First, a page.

On Matthew Flinders Terra Australis Sheet 1 1801–1803 the area was originally known as Dangerous Bight. The bay runs from Point Matthew 1.5 kilometres (0.9 mi) East North East of Cape Leeuwin to Ledge Point some 8 kilometres (5 mi) east. It was named by either James Stirling or Septimus Roe in 1829 or 1830. Matthew Flinders was first in the Bay on 7 December 1801.
Railway terminus and jetty
The name of the locality of Flinders Bay is tied to the small settlement that had been a whaling and fishing location, as well as the terminus of the Busselton to Flinders Bay Branch Railway railway line (1920s, closed 1957).
The name is also tied to the Flinders Bay jetties (also known as the Barrack Point Jetties).
The settlement was in the earlier days considered to be separate from Augusta but now is more or less the southern portion of the larger community.
The need for safe and efficient transfer of whale watchers and a safe mooring location in the Bay for fishermen has seen a proposal for a marina in 2004 which had included plans for the marina close to the old settlement of Flinders Bay. The 2005 revised proposal has moved to a bay further around towards Cape Leeuwin. The Flat Rock site is complete and has been called "Augusta Boat Harbour" by the department of Transport.
The landing area adjacent to the old railway station yard was originally known as "The Whaling". It was the area where boats would work from in the nineteenth and early twentieth century. Up until the early 1970s sheds and ramps were still present. In the late 20th century the area had whale rescue operations occurring very close to the area. Also businesses involved in whale watching have more recently used the bay.
The St Alouarn Islands stretch out south of Point Matthew (on the road to Cape Leeuwin), and are effective barriers along with reefs for the outer reaches of the bay to the south.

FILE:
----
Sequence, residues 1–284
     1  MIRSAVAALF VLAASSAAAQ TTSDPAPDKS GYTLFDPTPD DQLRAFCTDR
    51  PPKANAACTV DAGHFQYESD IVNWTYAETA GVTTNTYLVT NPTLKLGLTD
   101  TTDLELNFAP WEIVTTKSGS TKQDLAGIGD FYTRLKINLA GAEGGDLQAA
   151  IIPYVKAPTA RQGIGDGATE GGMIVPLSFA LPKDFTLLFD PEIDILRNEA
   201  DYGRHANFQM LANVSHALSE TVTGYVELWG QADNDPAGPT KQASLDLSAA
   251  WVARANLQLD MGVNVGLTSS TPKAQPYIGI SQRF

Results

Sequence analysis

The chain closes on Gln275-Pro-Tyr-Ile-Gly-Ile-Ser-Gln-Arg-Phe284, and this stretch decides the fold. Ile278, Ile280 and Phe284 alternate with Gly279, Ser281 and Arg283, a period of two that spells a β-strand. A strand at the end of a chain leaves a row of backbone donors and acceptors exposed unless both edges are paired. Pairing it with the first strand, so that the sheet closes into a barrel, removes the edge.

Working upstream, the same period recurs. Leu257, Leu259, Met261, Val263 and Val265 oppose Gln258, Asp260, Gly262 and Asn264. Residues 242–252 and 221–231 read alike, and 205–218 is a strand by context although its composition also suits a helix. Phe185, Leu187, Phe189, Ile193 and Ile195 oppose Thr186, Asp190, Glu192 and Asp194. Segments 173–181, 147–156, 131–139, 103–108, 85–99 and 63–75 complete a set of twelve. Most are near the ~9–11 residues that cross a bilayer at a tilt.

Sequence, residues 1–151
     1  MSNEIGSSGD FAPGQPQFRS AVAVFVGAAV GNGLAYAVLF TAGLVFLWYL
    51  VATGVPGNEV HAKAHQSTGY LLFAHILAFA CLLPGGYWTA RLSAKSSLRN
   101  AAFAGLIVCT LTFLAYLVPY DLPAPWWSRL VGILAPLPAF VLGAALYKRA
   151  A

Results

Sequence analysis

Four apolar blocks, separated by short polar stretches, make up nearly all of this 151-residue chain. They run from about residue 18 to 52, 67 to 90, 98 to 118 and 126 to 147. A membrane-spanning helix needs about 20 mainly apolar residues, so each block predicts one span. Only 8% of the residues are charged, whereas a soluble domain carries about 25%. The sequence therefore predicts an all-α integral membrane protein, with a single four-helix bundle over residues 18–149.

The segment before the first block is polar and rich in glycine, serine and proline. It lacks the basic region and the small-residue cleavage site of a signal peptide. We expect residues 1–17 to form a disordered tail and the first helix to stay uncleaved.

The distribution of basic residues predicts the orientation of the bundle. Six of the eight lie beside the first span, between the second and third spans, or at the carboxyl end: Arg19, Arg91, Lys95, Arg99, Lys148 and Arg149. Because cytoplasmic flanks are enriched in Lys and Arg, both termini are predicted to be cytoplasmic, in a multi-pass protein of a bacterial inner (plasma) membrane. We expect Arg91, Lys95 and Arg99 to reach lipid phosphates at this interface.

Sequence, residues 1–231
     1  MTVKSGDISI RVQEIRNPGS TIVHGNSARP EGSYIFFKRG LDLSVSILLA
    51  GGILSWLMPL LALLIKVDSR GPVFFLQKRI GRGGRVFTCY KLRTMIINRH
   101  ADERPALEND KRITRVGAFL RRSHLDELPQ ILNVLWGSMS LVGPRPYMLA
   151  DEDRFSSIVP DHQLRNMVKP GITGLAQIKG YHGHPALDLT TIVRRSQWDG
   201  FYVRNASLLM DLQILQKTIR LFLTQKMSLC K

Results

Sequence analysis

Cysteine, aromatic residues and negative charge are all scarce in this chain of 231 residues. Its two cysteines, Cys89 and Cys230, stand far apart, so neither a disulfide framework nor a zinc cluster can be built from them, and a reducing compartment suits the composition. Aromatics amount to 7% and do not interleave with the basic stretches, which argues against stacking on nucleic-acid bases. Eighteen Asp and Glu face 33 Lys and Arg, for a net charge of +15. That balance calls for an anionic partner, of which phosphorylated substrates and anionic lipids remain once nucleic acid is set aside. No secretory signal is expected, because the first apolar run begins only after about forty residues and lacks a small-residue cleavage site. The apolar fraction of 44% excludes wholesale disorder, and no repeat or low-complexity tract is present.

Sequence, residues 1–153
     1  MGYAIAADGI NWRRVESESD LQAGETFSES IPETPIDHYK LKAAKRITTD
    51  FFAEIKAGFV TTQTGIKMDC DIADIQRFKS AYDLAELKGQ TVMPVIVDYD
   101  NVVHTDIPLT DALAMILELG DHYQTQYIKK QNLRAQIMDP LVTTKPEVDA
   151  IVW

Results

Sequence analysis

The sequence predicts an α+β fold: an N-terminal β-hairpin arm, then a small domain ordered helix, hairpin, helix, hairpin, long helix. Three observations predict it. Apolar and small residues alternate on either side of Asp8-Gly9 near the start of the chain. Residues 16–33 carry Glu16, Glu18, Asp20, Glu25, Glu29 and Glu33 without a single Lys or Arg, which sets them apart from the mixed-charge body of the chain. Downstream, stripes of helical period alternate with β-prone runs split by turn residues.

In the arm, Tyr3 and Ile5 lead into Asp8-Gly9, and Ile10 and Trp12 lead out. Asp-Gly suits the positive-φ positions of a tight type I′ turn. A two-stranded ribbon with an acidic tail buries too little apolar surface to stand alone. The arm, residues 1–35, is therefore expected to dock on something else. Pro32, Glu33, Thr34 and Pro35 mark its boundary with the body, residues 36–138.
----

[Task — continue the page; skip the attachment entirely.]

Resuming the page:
Like the majority of the southwestern coastal regions of Western Australia, Flinders Bay experiences a cool-summer Mediterranean climate with cool to warm summers and mild, wet winters.
Abalone sea ranch
After trials in 2012, a world-first commercial "sea ranch" was set up in the Bay, to raise abalone. The ranch is based on an artificial reef made up of 5000 (as of April 2016[update]) separate concrete units called abitats (abalone habitats). The 900-kilogram (2,000 lb) abitats can host 400 abalone each. The reef is seeded with young abalone from an onshore hatchery.
The abalone feed on seaweed that has grown naturally on the abitats. The ecosystem enrichment of the bay also results in growing numbers of dhufish, pink snapper, wrasse, samson fish and other species.
Brad Adams, from the company, has emphasised the similarity to wild abalone and the difference from shore based aquaculture. "We're not aquaculture, we're ranching, because once they're in the water they look after themselves."
- Garratt, Dena; Western Australian Maritime Museum. Department of Maritime Archaeology (1993), Barrack Point Jetties : maritime heritage inspection report, W.A. Maritime Museum, retrieved 4 June 2018
- http://www.transport.wa.gov.au/imarine/augusta-boat-harbour.aspAugusta Boat Harbour
- "Information Memorandum, 2013 Ranching of Greenlip Abalone, Flinders Bay – Western Australia" (PDF). Ocean Grown Abalone. Ocean Grown Abalone. Retrieved 23 April 2016.
- Fitzgerald, Bridget (28 August 2014). "First wild abalone farm in Australia built on artificial reef". Australian Broadcasting Corporation Rural. Australian Broadcasting Corporation. Retrieved 23 April 2016.
It's the same as the wild core product except we've got the aquaculture advantage which is consistency of supply.
- Murphy, Sean (23 April 2016). "Abalone grown in world-first sea ranch in WA 'as good as wild catch'". Australian Broadcasting Corporation News. Australian Broadcasting Corporation. Retrieved 23 April 2016.
So to drive future growth I really believe sea ranching is a great opportunity going forward for some of these coastal communities.
- Fornasiero, Jean; Monteath, Peter and West-Sooby, John. Encountering Terra Australis: the Australian voyages of Nicholas Baudin and Matthew Flinders, Kent Town, South Australia,Wakefield Press,2004. ISBN 1-86254-625-8
|Wikimedia Commons has media related to Flinders Bay.|
- DLI Geographic names cards